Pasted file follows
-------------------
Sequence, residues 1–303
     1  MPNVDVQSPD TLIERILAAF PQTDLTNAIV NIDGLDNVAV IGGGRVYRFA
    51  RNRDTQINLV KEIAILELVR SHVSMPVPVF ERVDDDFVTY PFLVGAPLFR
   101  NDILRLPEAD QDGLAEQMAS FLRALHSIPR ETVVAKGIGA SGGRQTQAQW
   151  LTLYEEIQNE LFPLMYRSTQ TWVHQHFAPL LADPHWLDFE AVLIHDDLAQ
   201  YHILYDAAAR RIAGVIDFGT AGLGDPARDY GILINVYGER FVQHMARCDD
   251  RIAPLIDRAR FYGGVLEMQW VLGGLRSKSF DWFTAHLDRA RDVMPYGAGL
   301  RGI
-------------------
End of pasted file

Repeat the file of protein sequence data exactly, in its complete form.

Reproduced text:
Sequence, residues 1–303
     1  MPNVDVQSPD TLIERILAAF PQTDLTNAIV NIDGLDNVAV IGGGRVYRFA
    51  RNRDTQINLV KEIAILELVR SHVSMPVPVF ERVDDDFVTY PFLVGAPLFR
   101  NDILRLPEAD QDGLAEQMAS FLRALHSIPR ETVVAKGIGA SGGRQTQAQW
   151  LTLYEEIQNE LFPLMYRSTQ TWVHQHFAPL LADPHWLDFE AVLIHDDLAQ
   201  YHILYDAAAR RIAGVIDFGT AGLGDPARDY GILINVYGER FVQHMARCDD
   251  RIAPLIDRAR FYGGVLEMQW VLGGLRSKSF DWFTAHLDRA RDVMPYGAGL
   301  RGI